"I watched the whole workout, just him throwing to one kid," Kiffin said. "We were mixed on [Hurts] because he was really raw. I said, 'Let me go see him.' I remember saying to [Saban], 'This guy had a first-round-draft-pick workout. That workout I just went to, if he were draft-eligible, he would get drafted.' He had big hands and could rip the ball."

In fact, Kiffin said Hurts reminded him of a smaller version of Carolina Panthers star Cam Newton, who won the 2010 Heisman Trophy as Auburn's quarterback.

"He's a powerlifter and plenty strong," Kiffin said. "He could be a middle linebacker, but he threw the ball really, really well. He reminded me of a shorter Cam Newton."

Persuading Saban to recruit Hurts was one thing, but persuading Saban to start him as a true freshman was an entirely different challenge. Kiffin knew he needed help in changing Saban's mind.

In late August, a few Alabama players, including offensive tackle Cam Robinson and receiver ArDarius Stewart, approached Saban about giving Hurts a chance to play against the Trojans.

"We had our doubts," Bozeman said. "But Coach Saban puts the best people on the field, and Jalen proved he was one of the best."

Saban discussed the idea with the team's leadership council.

"I think the players sort of felt exactly like I felt that, to put it in their terms, 'This guy has a lot of dog,'" Saban said. "He can make plays, but he doesn't understand how to do everything quite yet. I told them we were going to start Blake in the first game because he had a little more experience, but we were putting this guy in on the third series and we'll see what he does."

When Hurts replaced Barnett late in the first quarter against the Trojans at AT&T Stadium in Arlington, Texas, he promptly fumbled away his first collegiate snap. But it was what Hurts did next that ultimately won over his teammates and coaches. He rebounded to throw two touchdowns and run for two more scores in a 52-6 rout of USC.

"There's nobody that feels worse when he doesn't get it right than [Hurts] does," Saban said. "You just need to correct him and help him. He's not sensitive to any sort of criticism; maybe that's because his dad was a coach."

If Saban had any concern left about Hurts running his offense, his doubts were answered the day after Alabama beat USC. When Saban met with Hurts to break down six or seven plays from the game, he was surprised to learn that his freshman quarterback had already watched the film.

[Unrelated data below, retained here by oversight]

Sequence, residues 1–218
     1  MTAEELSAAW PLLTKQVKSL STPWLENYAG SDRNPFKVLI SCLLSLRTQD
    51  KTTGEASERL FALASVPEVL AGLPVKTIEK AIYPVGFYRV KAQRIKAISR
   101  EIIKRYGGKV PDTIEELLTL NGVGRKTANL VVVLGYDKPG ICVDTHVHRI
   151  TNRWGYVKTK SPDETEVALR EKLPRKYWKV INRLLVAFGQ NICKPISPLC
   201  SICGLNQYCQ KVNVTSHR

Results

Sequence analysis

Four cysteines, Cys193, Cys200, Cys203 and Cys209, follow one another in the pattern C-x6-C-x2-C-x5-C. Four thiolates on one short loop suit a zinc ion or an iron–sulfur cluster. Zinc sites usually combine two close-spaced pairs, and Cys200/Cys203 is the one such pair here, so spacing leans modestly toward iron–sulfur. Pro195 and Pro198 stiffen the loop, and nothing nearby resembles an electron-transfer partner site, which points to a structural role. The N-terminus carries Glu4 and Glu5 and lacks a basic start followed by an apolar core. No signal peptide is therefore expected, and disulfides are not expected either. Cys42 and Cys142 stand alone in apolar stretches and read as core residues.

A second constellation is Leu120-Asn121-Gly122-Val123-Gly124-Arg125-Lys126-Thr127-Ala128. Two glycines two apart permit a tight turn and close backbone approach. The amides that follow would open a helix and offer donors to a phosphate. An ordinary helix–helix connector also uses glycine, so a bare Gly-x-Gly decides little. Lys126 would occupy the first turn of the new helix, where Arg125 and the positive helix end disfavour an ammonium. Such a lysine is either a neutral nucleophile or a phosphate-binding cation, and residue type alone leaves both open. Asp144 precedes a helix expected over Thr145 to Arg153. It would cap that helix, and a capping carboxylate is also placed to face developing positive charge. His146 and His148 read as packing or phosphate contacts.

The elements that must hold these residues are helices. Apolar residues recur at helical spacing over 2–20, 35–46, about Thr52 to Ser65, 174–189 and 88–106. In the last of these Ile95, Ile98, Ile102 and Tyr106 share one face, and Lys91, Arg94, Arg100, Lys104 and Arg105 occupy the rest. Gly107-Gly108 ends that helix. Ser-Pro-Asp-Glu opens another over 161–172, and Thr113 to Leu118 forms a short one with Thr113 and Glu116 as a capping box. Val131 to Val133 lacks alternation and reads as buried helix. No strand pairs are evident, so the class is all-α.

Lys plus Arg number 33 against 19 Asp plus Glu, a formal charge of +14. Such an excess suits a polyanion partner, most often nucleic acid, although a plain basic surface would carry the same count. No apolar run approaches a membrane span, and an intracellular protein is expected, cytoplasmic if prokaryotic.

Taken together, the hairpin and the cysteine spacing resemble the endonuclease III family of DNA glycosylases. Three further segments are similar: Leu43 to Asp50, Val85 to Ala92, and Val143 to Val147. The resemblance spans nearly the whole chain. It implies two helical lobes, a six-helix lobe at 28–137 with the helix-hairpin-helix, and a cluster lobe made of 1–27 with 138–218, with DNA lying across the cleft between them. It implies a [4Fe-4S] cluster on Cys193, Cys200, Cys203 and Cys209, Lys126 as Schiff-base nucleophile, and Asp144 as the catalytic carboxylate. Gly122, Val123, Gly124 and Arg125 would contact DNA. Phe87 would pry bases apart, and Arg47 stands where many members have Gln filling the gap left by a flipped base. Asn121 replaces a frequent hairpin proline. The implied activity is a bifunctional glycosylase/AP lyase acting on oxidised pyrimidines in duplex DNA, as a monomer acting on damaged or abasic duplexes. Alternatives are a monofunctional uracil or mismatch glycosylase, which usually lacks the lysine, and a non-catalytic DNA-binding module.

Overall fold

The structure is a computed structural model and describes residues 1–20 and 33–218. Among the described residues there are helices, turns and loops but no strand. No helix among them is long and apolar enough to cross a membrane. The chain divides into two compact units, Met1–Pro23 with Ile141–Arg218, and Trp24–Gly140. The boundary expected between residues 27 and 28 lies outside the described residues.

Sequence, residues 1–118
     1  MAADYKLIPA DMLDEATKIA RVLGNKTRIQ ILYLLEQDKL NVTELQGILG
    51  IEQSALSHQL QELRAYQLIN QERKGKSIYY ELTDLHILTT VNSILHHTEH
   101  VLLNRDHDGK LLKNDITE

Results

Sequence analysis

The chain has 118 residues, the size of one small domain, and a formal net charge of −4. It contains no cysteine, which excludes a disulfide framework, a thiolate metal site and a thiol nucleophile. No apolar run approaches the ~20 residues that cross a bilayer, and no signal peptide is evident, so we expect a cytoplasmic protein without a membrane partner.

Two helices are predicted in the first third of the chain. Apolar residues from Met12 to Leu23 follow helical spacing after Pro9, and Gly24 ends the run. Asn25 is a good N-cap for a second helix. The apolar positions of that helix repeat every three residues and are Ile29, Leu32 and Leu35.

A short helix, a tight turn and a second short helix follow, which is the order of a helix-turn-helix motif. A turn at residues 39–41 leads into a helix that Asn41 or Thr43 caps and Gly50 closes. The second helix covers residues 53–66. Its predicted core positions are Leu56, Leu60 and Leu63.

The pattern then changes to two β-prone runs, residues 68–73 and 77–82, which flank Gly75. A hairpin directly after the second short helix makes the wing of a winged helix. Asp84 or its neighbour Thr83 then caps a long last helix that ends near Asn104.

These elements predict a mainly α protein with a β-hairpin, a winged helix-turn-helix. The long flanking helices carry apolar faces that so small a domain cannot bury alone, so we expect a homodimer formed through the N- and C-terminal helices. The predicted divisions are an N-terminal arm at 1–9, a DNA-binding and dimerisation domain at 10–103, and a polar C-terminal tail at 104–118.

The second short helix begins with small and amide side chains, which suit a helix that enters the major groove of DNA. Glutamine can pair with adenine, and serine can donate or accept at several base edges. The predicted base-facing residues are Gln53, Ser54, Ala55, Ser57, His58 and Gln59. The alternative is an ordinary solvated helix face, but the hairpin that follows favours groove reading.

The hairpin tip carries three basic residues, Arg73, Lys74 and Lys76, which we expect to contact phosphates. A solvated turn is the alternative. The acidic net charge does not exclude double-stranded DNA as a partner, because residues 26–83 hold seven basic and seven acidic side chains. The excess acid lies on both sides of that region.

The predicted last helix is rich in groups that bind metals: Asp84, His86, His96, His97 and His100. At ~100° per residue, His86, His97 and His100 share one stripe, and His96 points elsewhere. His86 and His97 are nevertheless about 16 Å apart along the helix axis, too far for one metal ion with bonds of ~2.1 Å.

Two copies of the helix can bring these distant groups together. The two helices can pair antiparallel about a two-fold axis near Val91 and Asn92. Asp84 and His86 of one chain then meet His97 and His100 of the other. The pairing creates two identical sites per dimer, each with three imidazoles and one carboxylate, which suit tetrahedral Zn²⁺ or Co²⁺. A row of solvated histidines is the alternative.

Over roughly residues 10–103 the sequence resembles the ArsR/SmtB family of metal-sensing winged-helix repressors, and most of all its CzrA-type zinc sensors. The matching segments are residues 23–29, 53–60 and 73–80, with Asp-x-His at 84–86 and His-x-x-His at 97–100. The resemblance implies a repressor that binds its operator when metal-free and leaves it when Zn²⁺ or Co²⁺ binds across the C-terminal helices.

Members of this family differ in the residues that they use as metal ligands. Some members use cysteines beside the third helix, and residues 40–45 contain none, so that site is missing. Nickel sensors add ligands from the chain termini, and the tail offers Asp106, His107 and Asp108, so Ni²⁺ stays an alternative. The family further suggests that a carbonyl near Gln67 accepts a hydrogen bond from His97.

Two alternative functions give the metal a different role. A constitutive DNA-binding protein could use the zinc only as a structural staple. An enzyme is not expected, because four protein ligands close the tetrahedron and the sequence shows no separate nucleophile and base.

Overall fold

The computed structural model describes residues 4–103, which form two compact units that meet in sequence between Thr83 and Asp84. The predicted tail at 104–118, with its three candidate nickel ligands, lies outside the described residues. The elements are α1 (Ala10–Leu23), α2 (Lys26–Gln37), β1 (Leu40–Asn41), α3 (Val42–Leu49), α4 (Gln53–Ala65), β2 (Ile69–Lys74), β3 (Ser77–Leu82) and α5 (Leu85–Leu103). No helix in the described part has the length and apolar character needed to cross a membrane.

"I don't remember ever meeting with him where he hadn't watched the film," Saban said.

The next week, Saban named Hurts the starter after he passed for 287 yards with two touchdowns in a 38-10 victory over Western Kentucky. In his first career start at Ole Miss, he passed for 158 yards and ran for 146 yards, helping the Crimson Tide come back from a 21-point deficit in a 48-43 win.

"He has a really good ability, even when things are not going well for him, of not going into the tank or whatever you want to call it," Saban said. "He sticks with it and plays better as the game goes on."

In 12 games, Hurts has completed 63.5 percent of his passes for 2,592 yards with 22 touchdowns and nine interceptions. His 841 rushing yards set an Alabama single-season record for quarterbacks, breaking the previous mark of 791 set by Steadman Shealy in 1979.

Kiffin said he believes Hurts hasn't even yet scratched the surface of what he's capable of doing.

"There are times he can't tell you a protection to save his life, but it doesn't matter," Kiffin said. "He can create. When it's not there, the other team can't tackle him."

Eight months ago, when Hurts and his father talked after the spring game, they couldn't have known how prophetic their conversation would be.

Hurts' life has completely changed. He's so popular on Alabama's campus that he often wears a hoodie to hide his noticeable dreadlocks. Hurts could only laugh when he saw a child dressed up like him for Halloween, using pipe cleaners to mimic his hair.

"It's my life now," Hurts said.